Invitees greeted Apple’s long-awaited unveiling of its smartwatch line with a standing ovation at an industry event in Cupertino, California on September 9. At a press conference, CEO Tim Cook went on to say, “Apple Watch is the most personal device we ever created. It works seamlessly with iPhone and is also a comprehensive health and fitness device.”
Elements of the flatscreen Apple Watch include a throwback-style manual twist control which allows users to rapidly cycle through the device’s features, as well as a “digital touch” communication button to let users send data to other smartwatches. The customizable display also supports a built-in gyrometer and accelerometer, and the watch is capable of storing and sharing a comprehensive range of health, fitness, and personal data.
During a live onstage demo, Apple vice-president Kevin Lynch also showed further features to the crowd, including music apps, astronomical tracking features, and haptic capabilities including the ability to program walking or driving directions. The Apple Watch is also fully compatible with social media, allowing users to instantly receive notifications from Facebook and other sites.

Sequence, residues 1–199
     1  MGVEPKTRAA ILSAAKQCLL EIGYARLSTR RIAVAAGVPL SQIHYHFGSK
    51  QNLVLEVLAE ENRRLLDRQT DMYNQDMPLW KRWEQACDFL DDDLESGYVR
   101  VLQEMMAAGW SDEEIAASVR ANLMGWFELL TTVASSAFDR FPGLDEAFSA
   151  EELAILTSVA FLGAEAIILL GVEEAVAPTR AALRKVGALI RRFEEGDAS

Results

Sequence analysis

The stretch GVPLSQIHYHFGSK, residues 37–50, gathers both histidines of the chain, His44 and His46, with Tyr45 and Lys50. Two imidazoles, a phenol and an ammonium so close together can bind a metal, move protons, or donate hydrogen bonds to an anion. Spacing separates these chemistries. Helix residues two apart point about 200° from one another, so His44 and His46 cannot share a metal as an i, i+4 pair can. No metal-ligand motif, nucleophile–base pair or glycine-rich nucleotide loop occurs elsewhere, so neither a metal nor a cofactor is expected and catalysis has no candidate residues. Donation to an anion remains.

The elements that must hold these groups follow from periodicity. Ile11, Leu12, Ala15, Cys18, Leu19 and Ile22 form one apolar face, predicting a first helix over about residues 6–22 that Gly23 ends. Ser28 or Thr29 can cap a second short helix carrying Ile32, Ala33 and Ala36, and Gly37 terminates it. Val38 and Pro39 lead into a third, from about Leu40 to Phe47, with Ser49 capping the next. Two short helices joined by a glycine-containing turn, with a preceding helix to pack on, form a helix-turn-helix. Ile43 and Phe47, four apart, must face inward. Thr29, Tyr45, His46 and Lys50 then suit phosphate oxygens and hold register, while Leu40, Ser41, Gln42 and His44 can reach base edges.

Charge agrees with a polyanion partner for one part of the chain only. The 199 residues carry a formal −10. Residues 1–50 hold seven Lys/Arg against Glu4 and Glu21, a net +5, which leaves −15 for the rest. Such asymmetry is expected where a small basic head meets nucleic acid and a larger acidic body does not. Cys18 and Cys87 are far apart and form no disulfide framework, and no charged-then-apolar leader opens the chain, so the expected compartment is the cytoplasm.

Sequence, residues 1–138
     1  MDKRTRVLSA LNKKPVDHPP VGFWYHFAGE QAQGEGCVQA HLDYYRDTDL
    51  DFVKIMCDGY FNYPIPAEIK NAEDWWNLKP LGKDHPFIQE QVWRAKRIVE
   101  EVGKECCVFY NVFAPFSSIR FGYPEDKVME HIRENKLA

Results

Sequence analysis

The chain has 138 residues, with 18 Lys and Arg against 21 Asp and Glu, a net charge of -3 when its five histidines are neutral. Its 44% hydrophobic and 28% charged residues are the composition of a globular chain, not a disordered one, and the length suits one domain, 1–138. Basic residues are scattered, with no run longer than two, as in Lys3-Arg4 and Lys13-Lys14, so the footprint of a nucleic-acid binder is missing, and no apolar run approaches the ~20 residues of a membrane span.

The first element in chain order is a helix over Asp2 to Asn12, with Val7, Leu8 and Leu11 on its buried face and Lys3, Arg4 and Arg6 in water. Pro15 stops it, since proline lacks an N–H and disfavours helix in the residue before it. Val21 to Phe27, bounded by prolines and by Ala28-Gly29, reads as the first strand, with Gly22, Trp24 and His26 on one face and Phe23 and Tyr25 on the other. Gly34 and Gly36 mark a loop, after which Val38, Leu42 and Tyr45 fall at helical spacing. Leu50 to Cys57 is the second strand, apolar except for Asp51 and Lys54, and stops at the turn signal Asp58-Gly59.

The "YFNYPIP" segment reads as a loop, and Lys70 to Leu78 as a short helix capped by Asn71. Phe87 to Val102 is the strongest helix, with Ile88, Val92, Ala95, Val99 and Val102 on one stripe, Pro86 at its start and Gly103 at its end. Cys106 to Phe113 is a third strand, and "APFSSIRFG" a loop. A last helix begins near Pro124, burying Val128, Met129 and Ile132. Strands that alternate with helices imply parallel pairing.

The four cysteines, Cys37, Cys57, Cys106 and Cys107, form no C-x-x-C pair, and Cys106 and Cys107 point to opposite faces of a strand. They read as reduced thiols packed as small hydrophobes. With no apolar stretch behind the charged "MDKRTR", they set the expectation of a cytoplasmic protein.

As expected, the Apple Watch also has built-in near field communications (NFC) capabilities. The NFC-enabled smartwatch will facilitate digital payments at points of sale and instant bill payments, among other features.
The company also confirmed that it will soon release the SDK to Apple Watch app developers, enabling them to design and develop their own apps for the device. Industry observers note that the Apple Watch will be faced with heavy competition in the smartwatch segment, and that app developers will play a key role in determining the future success of the new device. Apple also revealed that the Apple Watch line will go on sale in early 2015, with retail prices starting at $349.
That’s good news for San Francisco app development companies, who are likely to be able to market Apple Watch apps in a dedicated section of the Apple App Store. One key design motif is that users will have access to a long list of personal health and fitness data, in keeping with trends already emerging in the wearables industry.Tags: apple payments, apple product launch, apple watch, connected devices, driving directions app, fitness device, haptic, heath and fitness apps, iwatch, kevin lynch, medical apps, medical device, mobile commerce, music apps, nfc, nfc payments, sapphire screen, smartwatch launch, tim cook, walking directions